Of the thousands of chemical elements that compose a typical tobacco leaf there are a few that take primary responsibility for the taste and aroma of your smoldering stogie. Some of the more important elements have been identified as members of the carotenoid family.
Carotenoids are the pigments which give many vegetables and flowers their color. The obvious example is that belicoso-shaped delicacy known as the carrot, from which the word carotenoid derives. Carotenoids give that root its orange color. In other cases the carotenoid content is masked by green chlorophylls, but as the fruit ripens and the chlorophyll content decreases, the colorful carotenoids emerge. This is what happens when a green tomato turns red on the vine.
The process of ripening is really just the early stages of decay — the constituent elements of the fruit, or in this case the leaf, are breaking down and releasing new and more organoleptically interesting compounds. Carotenoids are highly sensitive to oxygen, light, and temperature, and all of these things are carefully controlled by the tobacco grower as the crop is grown, harvested, and particularly during the curing and fermenting stages.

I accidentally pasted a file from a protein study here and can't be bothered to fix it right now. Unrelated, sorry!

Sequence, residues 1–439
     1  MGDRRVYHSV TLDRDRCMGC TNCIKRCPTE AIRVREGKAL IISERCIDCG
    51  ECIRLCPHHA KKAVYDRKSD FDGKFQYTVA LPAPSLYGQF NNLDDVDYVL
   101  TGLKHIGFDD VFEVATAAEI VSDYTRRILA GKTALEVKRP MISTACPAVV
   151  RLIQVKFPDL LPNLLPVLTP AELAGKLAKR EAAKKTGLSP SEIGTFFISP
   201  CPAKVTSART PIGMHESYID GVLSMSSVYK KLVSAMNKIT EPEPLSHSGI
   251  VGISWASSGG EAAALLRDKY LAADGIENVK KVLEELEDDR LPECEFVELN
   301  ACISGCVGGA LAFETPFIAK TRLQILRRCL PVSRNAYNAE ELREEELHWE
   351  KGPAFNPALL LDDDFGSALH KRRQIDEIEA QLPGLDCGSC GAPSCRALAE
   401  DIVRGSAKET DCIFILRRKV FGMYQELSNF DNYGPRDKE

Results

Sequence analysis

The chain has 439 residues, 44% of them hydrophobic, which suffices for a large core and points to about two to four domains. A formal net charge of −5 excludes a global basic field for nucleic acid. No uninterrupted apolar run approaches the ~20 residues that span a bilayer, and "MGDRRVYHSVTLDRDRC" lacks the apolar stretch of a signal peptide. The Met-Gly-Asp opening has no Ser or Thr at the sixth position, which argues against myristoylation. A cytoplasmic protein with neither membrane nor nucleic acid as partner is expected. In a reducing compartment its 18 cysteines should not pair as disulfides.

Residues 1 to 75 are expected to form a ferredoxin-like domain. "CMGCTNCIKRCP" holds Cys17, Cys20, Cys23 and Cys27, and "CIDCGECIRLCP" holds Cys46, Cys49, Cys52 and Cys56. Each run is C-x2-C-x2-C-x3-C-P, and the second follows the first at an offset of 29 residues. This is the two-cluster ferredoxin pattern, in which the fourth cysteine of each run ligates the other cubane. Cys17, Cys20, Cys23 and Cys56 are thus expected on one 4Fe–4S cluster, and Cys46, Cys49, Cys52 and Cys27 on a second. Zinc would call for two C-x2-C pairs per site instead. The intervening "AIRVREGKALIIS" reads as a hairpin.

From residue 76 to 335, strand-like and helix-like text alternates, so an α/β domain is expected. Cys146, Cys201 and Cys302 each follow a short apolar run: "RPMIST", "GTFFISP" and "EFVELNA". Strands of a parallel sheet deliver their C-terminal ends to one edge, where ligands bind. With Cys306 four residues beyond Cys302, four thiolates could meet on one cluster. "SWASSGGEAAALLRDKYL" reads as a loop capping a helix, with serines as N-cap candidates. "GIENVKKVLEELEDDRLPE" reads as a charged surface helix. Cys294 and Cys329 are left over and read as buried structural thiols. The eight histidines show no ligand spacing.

The major carotenoid pigments in tobacco are lutein, beta-carotene, moxanthin and violaxanthin. As these carotenoids break down via oxidation, aromatic derivatives are formed which are crucial and distinctive to the crop. For the sake of example, we can take one of these pigments, lutein, and look at some of its derivatives.
Lutein is found in leafy green vegetables, most prominently in spinach and kale. (And yes, tobacco too.) It is important nutritionally, but for our purposes here we are most interested in what happens when it degrades. Lutein breaks down during the air-curing process to several ionones and their derivatives, such as Beta Damascenone and Megastigmatrienones, two of the carotenoid derivatives which are most responsible for the smell of tobacco.